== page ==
Artificial intelligence is arguably the most disruptive piece of technology that we’re currently developing. There are many aspects of life that could change drastically once it becomes a mainstream product. In a lot of these aspects, artificial intelligence, when coupled with robotics, may even completely replace their human counterparts in certain industries.

One aspect that comes to mind is that of driving. And with the way that so many tech companies seem to be putting a significant amount of time and research into developing a fully autonomous car, it would seem that they are completely adamant about rolling out such a product.

This sounds like good logic, insofar as the AI and the connection of the car to the internet is stable. But, unfortunately, things aren’t as simple as we might want them to be. The best tech that we currently have is only capable of Level 4 automation.

This level of automation is where vehicles are capable of operating in a self-driving mode, but they are restricted to both the state’s legislation — which effectively limits their area of operation to small towns that act as test beds for the technology — as well as the fact that they still require some form of human intervention to activate the vehicle’s self-driving mode.

What Exactly Is The Problem That Self-Driving Cars Currently Face?

From an analytics standpoint, the primary limitation of self-driving cars that are stuck at level 4 automation is that they are currently constrained to operate within a small town. This means that this is a small area from which they are able to gather data. Now, take note that in order for a car to be capable of self-regulation and direction, it needs to be able to assess itself and its environment in real time.

We are talking about an insane amount of data that needs to be processed into workable information. And while artificial intelligence will, without a doubt, be able to process this much data into workable information, this is only applicable to the area that it has already been able to map. Using a mileage tracking app to see how much distance the car has covered is all well and good, but there’s no replacement for a larger network of roads.

Now, since the car cannot switch itself to automated mode on its own, the area still needs to be mapped by human personnel and interfaced with the computers of the vehicle. Though, the more that we’re able to optimize artificial intelligence, this should become less and less of a problem given that AI has the capability to store and interpret a lot of data in a small amount of time.

From a reliability perspective, it’s also important to consider the fact that self-driving cars will also have to be able to communicate with one another in order to avoid collisions. So far, the Internet of Things has been the prime medium through which test vehicles are able to share information with each other. IoT is a powerful tool which will even allow self-driving vehicles to seamlessly integrate with third-party programs to help provide better insight into its condition and to notify its owner of its status.

But one problem with using IoT as a medium is that it is still reliant on whether or not nodes in a network are able to establish a secure and stable connection to the internet. Any loss of connection, even for a moment, also means a loss of control.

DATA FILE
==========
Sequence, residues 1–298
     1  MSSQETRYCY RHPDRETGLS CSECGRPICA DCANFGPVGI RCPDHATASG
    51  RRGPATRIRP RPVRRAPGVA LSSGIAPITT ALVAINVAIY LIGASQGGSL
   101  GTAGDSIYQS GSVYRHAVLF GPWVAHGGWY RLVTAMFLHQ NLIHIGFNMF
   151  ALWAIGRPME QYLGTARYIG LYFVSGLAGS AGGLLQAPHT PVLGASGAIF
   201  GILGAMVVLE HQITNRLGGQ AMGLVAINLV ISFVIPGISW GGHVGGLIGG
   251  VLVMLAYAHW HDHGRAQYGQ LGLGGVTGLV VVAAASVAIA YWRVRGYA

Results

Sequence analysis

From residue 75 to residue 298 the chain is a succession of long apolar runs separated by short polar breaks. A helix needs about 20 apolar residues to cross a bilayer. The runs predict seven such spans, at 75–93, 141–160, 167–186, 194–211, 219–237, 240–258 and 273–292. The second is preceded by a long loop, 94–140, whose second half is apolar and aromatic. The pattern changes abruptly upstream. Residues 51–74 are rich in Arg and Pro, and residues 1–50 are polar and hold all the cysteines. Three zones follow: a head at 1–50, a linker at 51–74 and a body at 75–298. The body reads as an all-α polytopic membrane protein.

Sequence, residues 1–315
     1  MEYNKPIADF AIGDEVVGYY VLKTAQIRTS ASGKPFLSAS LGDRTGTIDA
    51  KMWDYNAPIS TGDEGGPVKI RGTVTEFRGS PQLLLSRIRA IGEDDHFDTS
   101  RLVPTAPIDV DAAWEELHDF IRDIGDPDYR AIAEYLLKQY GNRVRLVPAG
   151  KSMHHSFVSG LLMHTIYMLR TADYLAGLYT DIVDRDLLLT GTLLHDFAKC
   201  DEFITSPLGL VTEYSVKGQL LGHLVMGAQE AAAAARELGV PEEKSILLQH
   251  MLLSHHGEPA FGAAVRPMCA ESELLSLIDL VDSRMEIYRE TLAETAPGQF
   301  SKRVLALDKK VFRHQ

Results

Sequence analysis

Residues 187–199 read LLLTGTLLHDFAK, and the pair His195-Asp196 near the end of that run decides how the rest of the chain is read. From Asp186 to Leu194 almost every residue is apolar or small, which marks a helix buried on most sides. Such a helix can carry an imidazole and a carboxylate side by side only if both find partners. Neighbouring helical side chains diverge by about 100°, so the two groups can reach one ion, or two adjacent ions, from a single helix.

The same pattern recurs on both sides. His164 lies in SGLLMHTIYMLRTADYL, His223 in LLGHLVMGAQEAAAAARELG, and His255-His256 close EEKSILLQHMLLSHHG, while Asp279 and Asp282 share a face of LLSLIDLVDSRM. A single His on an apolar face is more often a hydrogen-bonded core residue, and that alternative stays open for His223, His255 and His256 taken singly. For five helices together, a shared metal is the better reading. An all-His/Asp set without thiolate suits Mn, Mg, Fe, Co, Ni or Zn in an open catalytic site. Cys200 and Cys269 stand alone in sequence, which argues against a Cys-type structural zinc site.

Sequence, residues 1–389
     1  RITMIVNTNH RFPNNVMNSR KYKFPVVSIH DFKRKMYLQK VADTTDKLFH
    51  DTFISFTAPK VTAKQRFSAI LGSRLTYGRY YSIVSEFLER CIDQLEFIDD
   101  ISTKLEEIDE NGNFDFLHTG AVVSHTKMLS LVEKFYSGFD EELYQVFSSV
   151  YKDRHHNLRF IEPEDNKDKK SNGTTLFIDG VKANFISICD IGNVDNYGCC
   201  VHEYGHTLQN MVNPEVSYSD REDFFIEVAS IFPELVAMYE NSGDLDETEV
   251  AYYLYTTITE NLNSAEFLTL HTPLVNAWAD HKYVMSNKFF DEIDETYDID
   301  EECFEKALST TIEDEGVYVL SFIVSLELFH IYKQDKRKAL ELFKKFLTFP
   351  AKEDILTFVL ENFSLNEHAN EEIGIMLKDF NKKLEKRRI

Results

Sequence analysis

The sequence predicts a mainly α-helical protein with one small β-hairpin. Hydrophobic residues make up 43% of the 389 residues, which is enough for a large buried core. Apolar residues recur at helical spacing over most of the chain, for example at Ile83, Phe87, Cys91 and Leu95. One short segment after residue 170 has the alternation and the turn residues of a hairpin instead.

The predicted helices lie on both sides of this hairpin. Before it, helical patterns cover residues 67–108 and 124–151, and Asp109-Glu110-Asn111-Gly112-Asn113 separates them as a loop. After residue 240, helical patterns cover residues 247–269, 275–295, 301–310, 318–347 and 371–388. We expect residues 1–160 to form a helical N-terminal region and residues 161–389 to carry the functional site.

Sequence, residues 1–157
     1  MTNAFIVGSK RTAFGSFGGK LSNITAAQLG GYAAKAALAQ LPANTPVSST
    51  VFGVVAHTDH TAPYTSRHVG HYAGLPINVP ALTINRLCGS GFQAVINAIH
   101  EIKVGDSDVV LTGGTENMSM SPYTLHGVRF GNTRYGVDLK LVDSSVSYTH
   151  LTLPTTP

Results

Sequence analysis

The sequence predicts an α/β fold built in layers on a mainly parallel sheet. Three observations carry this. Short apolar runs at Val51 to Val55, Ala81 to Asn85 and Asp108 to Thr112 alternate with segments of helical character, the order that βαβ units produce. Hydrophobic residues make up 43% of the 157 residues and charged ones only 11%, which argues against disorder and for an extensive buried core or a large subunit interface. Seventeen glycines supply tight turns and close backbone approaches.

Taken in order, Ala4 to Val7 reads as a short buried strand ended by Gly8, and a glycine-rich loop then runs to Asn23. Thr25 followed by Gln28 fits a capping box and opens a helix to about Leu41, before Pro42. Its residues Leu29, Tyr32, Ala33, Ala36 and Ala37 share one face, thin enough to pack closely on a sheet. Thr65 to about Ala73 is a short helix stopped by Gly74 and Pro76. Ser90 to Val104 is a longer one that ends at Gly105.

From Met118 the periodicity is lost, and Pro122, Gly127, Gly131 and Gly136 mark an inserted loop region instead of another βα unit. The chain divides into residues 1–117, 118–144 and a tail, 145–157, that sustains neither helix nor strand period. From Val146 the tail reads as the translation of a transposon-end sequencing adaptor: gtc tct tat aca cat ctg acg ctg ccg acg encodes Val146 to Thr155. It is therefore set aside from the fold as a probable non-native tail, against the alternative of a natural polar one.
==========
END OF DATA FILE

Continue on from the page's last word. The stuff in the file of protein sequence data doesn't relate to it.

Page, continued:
And as we know all too well, a loss of control of a vehicle will almost always result in an accident. Now, consider the fact that during adverse weather, a lot of connections are interrupted and weakened. Until tech companies are able to find a stronger, more reliable way that can enable self-driving cars to communicate with each other, then their use will be limited. This also undermines the rationale behind creating self-driving cars to begin with — to replace human drivers on the road in order to completely eliminate human error.

From a security standpoint, as we evolve our technology, so do unscrupulous elements. While there hasn’t been a case of it happening yet, a self-driving car can be susceptible to cyber attacks. This is a frightening thought, but it is also one that we should be wary of when as we continue to develop our technology. The fact that hackers are able to carry out successful cyber attacks against bigger institutions should be a constant concern as a compromised vehicle can easily turn from a mode of transportation into a devastating weapon.

From a financial standpoint, you won’t be seeing any fully autonomous cars driving around any time soon, as these are more expensive than you might assume them to be. Besides the car itself, the cost of maintaining servers is going to keep self-driving cars from becoming mass-produced. This high cost is an important detail to consider because if tech companies are unable to mass-produce these autonomous vehicles, then the time and effort spent on developing the technology will have been wasted. Very few people will buy an autonomous car if the price is not right.

Though, it’s not all bad. Despite all these issues that the technology currently faces, it is not lacking support from either the developers or the community. Some states have even preemptively set up templates for legislation regarding self-driving cars. Even though it is plagued by so many problems, I think we can all agree that we’re excited for this tech nonetheless.